Learning Lessons From 2012 Slow Starters
We preach “practice excruciating patience!” Every year slow starters become an issue for fantasy owners scrambling to fix what ails their team – including me. Yes, I preach “practice excruciating patience!” all the time, yet I don’t even listen to that at times. Yes, I was guilty of shopping around Giancarlo Stanton in my friends league, trying to see if anyone would pay close to actual price for him. To my credit, I didn’t take bad deals, and he’s still on my team. After his 3 HR outburst weekend, that’s looking like a good decision. However, in another league, an industry league, I traded Cole Hamels for Matt Harvey. Harvey was my 34th ranked starting pitcher and Hamels was my NL Cy Young award-winner. Did I panic? That’s a discussion for later.
Meanwhile, the question of “how soon is too soon” – to give up on a player – plagues the industry, as there are many differing opinions. Personally, I believe that batters take much more time to come around and that excruciating patience must be exercised with them.
There are three major reasons why a slow starting player could be doomed for that fate throughout the course of the season.
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1) Age and position suggest a skill set related decline
2) Suspected injury or injury history without the issue being treated.
3) Young player who we all expected to step forward, but has not improved on a disappointing previous year campaign.
Here are some slow starters from last year:
|Player||Age (from 2012)||Position||Triple Slash||BB:K|
All of these players were problem areas for fantasy owners respective teams last year in April. The irony is that all of these players, except Matt Holliday because of his year-to-year consistency, all fell under the categories (1-3) listed above for reasons to get concerned about a slow starter. Rollins plays SS, the most taxing position on the body besides catcher, Goldy, Davis and Stanton all are young players we were expecting to step forward, and Pujols and Aramis both had shown flashes of decline phase before.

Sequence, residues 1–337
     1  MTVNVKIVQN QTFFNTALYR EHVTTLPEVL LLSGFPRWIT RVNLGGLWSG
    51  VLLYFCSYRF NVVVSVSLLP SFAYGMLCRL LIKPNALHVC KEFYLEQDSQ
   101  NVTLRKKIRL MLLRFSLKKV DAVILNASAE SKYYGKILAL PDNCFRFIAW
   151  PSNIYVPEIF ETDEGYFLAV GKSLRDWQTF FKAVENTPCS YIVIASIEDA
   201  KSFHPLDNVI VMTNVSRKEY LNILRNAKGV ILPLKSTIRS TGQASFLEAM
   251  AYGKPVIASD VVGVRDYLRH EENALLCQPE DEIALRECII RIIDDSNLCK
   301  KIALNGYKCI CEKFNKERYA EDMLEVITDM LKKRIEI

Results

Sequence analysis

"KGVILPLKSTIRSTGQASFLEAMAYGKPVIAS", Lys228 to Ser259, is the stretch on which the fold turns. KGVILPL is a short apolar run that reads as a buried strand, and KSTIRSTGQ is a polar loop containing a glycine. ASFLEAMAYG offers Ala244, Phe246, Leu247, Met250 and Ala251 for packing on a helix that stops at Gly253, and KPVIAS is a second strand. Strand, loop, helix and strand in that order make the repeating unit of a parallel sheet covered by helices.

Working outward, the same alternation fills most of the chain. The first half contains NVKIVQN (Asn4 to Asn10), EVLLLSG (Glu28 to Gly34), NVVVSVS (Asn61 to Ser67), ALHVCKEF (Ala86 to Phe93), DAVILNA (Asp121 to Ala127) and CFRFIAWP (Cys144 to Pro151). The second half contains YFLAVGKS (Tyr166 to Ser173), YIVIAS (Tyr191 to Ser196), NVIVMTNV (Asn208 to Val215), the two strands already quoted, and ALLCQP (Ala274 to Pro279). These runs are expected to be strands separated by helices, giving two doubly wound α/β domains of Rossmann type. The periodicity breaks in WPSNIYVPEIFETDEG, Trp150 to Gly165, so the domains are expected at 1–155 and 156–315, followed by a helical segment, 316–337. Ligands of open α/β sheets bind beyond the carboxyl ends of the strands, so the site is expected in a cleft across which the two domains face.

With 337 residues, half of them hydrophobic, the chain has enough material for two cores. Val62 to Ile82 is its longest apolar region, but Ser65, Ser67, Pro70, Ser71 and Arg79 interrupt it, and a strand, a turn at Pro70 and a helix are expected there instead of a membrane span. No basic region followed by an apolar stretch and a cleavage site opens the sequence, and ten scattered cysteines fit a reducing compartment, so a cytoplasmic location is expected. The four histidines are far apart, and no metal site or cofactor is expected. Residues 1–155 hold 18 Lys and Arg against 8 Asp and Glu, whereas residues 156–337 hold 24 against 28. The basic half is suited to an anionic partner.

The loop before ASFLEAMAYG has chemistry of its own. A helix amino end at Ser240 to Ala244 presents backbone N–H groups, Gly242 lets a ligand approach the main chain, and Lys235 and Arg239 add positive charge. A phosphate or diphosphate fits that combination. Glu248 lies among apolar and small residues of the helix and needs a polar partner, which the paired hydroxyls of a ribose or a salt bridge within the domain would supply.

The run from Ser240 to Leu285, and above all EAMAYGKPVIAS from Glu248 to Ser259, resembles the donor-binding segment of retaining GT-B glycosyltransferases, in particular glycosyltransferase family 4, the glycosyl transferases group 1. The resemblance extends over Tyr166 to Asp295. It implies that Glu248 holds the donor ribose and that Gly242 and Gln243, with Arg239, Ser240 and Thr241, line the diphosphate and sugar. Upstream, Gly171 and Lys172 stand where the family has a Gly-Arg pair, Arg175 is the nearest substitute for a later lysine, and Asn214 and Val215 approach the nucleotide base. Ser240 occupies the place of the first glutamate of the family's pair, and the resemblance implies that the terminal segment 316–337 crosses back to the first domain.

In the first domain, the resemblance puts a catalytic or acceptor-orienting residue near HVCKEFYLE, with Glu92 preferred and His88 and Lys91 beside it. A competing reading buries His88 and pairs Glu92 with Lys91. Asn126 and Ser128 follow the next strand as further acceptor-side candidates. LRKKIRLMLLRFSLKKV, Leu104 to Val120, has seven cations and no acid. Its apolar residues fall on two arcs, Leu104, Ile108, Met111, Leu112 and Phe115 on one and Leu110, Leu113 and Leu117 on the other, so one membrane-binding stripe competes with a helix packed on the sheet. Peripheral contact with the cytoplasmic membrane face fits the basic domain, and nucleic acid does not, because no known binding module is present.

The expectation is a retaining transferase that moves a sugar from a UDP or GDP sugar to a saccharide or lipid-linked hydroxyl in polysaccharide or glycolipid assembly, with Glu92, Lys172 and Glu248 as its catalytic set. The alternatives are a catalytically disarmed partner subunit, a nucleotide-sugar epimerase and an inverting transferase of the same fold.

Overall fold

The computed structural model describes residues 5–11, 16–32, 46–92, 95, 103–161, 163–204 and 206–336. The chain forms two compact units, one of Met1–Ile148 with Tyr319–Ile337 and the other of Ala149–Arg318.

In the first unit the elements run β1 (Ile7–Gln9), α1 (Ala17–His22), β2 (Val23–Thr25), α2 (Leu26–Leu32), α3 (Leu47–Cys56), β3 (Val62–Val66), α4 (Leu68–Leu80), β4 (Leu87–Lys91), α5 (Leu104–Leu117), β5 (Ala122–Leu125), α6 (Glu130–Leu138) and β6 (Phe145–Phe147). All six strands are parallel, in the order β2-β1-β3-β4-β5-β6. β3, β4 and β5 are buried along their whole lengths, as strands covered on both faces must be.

It’s true, some of these players did finish out the season with bad seasons (Pujols), and depending on what you drafted him for, Rollins – although Rollins owners really shouldn’t have been complaining since Rollins finished with 25 HR and 30 SB albeit, that .250 batting average, which probably wasn’t planned for by many of his owners.
Davis battled with Valley Fever, and still managed to slug 32 HR, Goldschmidt nearly went 20/20 to go along with a .286 batting average, and Aramis Ramirez posted 50 doubles (a career high for him), 27 HR, and a career high 9 stolen bases.
Most of the guys traded away by panicking fantasy owners, wound up to be just fine when it was all said and done. Fantasy owners also often forget that Ian Kinsler was red-hot in April, and finished with one of the worst seasons he’s ever posted (despite staying healthy all year).
The fact remains this….. a month is an arbitrary period of time, invented and made up based on the patterns of the moon. This has no relation to fantasy baseball, except every year it seems to. We often use months or “1st half/2nd half” splits in articles to reference a period of time, easy for the readers to grasp. In reality, what a player does in April, has no more significance than what he does in the second half of April through the first half of May, nor does it matter what he did in any random 30 day time frame throughout the course of an entire baseball season.
The reason we overreact to April stats is this: we are starved for baseball, we love to analyze, we love to tinker, we love to be able to find explanations for seemingly unexplainable events. We are a constantly curious culture and we love to reach conclusions and to be the first person right about something.
We should not be basing our entire season long analysis (at least for struggling players), (sleepers is a different story), on one month’s worth of data. Nobody is out of the fantasy playoffs yet, and no player is 100% guaranteed a doomed season unless they are out for the rest of the year. Remember Matt Kemp in the first half of 2012? Mike Napoli in the second half of 2011? Jose Reyes can still put up a monster season despite the injury – it can happen and it has happened before.
Final thoughts: Player A vs. Player B comparison.
|Player A||1B||.217/.265/.304||6:14 (BB:K)||0 HR||4 RBI|
|Player B||1B||.330/.411/.660||12:13 (BB:K)||8 HR||20 RBI|
Player A is Albert Pujols from March/April, and Player B is Albert Pujols in July. (2012)
If Pujols’s July happened in April, and vice versa, owners would have been scrambling to “Buy-High” on Albert, and any owner who traded him away, would’ve been very happy to have done so after his end of season stat line.
If you own any slow starters, ask me all of your trade questions on Twitter: @JoshKay_Fantasy , I will answer all of them as accurately and as promptly as I can. Good luck this season, and Thanks for being a Front Office Member ! [/am4show]